Abdominal Exercises

Abdominal exercises or Ab exercises are among the most popular exercises done anywhere in fitness. They are done by two groups of exercisers. The first group calls theses exercises “core” exercises. They perform them because they understand that their core (torso) is the basis for all movement and necessary for stabilization of their spine. The second group calls them “ab” exercises. They perform them because on some level they are still under the misconception that belly exercises will make their mid-section smaller either by losing fat in that area or by making those muscles tighter.


Benefits of Ab Exercises

When done properly, ab exercises can have these benefits:

  • Strengthen your abdominal muscles
  • Support for the spine
  • Lower incidence of back pain
  • Improved posture
  • Better athletic performance

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Non Benefits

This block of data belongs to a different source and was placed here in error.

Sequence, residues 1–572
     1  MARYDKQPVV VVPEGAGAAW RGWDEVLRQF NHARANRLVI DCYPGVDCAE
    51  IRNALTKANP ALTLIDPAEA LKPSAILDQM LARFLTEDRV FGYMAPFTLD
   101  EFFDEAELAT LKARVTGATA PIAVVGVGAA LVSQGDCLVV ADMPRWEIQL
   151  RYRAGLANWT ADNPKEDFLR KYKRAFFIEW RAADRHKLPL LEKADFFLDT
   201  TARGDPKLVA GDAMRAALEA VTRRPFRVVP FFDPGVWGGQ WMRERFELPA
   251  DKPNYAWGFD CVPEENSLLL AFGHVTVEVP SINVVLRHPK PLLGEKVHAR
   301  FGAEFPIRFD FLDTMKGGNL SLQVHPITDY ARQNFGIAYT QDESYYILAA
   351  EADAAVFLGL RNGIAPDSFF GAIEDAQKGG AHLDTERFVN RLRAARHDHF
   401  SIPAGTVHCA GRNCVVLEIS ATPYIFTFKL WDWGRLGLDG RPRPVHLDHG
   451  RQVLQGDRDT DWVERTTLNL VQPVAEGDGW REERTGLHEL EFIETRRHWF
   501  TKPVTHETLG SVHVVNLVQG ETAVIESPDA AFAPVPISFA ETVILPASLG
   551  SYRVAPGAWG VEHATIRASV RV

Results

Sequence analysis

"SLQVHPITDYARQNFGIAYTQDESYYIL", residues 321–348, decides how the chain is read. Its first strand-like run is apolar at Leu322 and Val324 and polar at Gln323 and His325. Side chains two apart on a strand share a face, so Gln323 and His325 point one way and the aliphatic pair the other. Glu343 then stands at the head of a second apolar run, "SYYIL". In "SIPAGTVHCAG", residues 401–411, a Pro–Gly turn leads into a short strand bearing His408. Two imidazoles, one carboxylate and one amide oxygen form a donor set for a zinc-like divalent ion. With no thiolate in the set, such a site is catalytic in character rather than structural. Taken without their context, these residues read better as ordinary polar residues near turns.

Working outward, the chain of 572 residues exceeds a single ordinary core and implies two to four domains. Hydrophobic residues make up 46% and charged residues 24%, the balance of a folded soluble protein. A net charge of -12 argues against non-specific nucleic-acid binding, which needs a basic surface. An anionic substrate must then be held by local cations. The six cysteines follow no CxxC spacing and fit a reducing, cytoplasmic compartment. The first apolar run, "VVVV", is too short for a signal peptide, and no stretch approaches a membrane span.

Contrary to popular misconception, abdominal exercises do not do the following:

  • Decrease stomach fat: Fat is burned as a fuel for your whole body and the body takes if from all over. Exercising one part of your body does not take fat from that area.
  • Smaller waist: For the same reason as above, ab exercises do not make your waist smaller. You have to lose fat by a good diet and exercises. See Exercises to Lose Weight to learn more about this.

Ab Muscles and How to Work Each

There are four muscle groups. But, keep in mind that it’s hard to isolate just one ab muscle. Most are somewhat involved in all.  Just one is the prime mover getting the most work.

  • Rectus Abdominus: This muscle is responsible to contract the spine to the front. Ex. Crunch.
  • Internal Obliques: These muscles are responsible for contracting the spine on one side. Meaning, the left internal oblique brings the left shoulder toward the left hip and the right internal oblique brings it back and vice versa. Ex. Side bends.
  • External Obliques: These muscles are responsible for contracting the spine to go across your body, either laterally or at an angle. Ex. Twists and Twist Crunch
  • Transverse Abdominus: This muscle is responsible for holding your stomach in and rotate your pelvis forward. Ex. Vacuums and pelvic stabilization.

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Mike Caton